Not all dividends are created equal. Here, we'll do a top-to-bottom analysis of a given company to understand the quality of its dividend and how that's changed over the past five years.
The company we're looking at today is Walter Energy (NYS: WLT) , which yields 0.7%.
Walter Energy is a producer of met coal for the steel industry. The company -- along with competitors Patriot Coal (NYS: PCX) and Alpha Natural Resources (NYS: ANR) -- have been hurt as customers have slowed down orders of coal. Walter's stock price has jumped around lately as some U.K. newspapers have speculated that BHP Billiton (NYS: BHP) was considering acquiring the company.
To evaluate the quality of a dividend, the first thing to consider is whether the company has paid a dividend consistently over the past five years, and, if so, how much has it grown.
Walter Energy's dividend has sharply and steadily risen since 2008, and is now $0.13 per quarter.
To understand how safe a dividend is, we use three crucial tools, the first of which is:
The interest coverage ratio, or the number of times interest is earned, which is calculated by earnings before interest and taxes, divided by interest expense. The interest coverage ratio measures a company's ability to pay the interest on its debt. A ratio less than 1.5 is questionable; a number less than 1 means the company is not bringing in enough money to cover its interest expenses.
At 8.41, Walter Energy covers every $1 in interest expense with more than $8 in operating earnings.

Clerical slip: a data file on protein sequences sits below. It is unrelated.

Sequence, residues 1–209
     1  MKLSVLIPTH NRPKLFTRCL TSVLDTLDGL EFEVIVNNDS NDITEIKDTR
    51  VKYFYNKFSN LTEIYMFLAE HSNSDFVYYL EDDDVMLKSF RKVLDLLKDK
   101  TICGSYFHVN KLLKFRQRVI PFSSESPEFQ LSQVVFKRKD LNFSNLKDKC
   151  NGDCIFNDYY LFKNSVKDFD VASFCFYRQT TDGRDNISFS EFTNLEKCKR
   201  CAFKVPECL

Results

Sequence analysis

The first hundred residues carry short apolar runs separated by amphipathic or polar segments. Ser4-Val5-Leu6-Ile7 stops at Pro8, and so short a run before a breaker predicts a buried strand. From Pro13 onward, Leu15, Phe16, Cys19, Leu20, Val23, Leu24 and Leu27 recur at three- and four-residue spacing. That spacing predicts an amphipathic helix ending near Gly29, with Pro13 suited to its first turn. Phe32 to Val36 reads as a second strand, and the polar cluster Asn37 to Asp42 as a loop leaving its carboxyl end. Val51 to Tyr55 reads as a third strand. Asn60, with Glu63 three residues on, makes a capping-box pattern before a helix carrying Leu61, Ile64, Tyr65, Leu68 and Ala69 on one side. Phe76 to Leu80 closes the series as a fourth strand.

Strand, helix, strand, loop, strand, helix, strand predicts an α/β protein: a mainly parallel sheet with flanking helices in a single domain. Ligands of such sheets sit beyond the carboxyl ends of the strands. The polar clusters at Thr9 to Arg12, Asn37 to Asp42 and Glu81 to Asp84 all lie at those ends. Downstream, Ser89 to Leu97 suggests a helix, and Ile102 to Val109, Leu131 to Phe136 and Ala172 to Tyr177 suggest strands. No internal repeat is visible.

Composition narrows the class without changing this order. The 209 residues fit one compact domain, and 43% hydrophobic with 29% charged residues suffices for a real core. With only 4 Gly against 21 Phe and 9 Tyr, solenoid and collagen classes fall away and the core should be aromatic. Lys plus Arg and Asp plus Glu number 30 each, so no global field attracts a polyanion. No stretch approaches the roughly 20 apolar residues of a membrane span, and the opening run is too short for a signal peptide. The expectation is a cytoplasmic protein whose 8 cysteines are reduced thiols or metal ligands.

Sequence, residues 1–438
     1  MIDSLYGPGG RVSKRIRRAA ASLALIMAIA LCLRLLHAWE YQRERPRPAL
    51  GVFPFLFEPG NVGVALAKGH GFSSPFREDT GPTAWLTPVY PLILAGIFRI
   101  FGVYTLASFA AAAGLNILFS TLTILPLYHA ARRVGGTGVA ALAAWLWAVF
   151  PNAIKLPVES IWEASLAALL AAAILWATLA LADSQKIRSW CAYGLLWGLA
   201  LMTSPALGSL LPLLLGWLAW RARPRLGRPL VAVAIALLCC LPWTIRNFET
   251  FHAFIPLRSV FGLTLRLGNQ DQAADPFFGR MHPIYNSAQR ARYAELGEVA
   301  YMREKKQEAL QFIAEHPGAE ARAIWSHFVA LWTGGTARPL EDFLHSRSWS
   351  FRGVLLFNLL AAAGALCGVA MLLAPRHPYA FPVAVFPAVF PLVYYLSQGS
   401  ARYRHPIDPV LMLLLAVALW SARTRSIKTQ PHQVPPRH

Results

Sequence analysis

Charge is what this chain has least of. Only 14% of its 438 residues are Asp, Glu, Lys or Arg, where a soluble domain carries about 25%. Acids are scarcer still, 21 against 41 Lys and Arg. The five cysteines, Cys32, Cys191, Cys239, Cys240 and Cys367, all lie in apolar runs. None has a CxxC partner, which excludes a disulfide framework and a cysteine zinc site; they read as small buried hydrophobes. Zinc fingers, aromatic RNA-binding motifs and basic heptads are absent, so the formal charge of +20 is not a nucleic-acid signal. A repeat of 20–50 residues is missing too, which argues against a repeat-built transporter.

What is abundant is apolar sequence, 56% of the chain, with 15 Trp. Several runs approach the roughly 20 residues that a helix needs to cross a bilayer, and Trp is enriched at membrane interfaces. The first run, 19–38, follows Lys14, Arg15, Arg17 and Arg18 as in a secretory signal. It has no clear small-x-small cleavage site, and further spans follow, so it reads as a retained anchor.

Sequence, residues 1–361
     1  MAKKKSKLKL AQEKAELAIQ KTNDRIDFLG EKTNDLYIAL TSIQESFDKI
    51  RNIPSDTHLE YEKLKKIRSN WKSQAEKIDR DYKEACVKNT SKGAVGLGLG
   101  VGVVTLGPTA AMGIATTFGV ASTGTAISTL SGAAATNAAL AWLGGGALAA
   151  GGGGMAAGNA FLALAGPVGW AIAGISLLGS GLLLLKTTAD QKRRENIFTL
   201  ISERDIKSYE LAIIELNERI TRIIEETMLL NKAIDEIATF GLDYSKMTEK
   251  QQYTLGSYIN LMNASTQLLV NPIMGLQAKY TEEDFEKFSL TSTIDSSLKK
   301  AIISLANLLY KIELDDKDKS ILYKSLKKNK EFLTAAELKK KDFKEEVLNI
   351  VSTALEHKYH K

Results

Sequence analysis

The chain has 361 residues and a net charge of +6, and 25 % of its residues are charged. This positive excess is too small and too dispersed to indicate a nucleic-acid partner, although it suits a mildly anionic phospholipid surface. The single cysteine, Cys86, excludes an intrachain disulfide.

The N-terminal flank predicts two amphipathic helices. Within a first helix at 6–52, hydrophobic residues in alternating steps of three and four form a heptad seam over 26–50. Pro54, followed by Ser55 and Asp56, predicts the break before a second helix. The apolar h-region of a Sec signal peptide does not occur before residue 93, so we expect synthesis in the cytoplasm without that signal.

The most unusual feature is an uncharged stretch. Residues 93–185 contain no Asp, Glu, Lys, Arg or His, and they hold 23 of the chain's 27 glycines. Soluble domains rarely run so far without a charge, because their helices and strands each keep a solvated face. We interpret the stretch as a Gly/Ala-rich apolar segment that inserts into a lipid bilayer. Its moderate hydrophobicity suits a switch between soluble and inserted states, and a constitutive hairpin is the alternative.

The other tools we use to evaluate how safe a dividend is are:
The EPS payout ratio, or dividends per share divided by earnings per share. The EPS payout ratio measures the percentage of earnings that go toward paying the dividend. A ratio greater than 80% is worrisome.
The FCF payout ratio, or dividends per share divided by free cash flow per share. Earnings alone don't always paint a complete picture of a business's health. The FCF payout ratio measures the percent of free cash flow devoted toward paying the dividend. Again, a ratio greater than 80% could be a red flag.
Source: S&P Capital IQ.
Walter Energy's payout ratio has been consistently below 20%.
Source: S&P Capital IQ.
With a low yield, there are alternatives in the industry. Alliance Resource Partners (NAS: ARLP) has a 5.3% yield and nearly a 50% payout ratio. Arch Coal (NYS: ACI) has a yield nearly four times higher than Walter Energy's at 2.8% and a payout ratio of just double. Cliffs Natural Resources (NYS: CLF) rounds out the group with a dividend yield of 1.6% and a payout ratio of just 6%.
Another tool for better investing
Most investors don't keep tabs on their companies. That's a mistake. If you take the time to read past the headlines and crack a filing now and then, you're in a much better position to spot potential trouble early. We can help you keep tabs on your companies with My Watchlist, our free, personalized stock-tracking service.
Add Walter Energy to My Watchlist.
At the time thisarticle was published FollowDan Dzombakon Twitter at@DanDzombakto check out his musings and see what articles he finds interesting.Motley Fool newsletter serviceshave recommended buying shares of Alliance Resource Partners and Walter Energy. Try any of our Foolish newsletter servicesfree for 30 days. We Fools may not all hold the same opinions, but we all believe thatconsidering a diverse range of insightsmakes us better investors. The Motley Fool has adisclosure policy.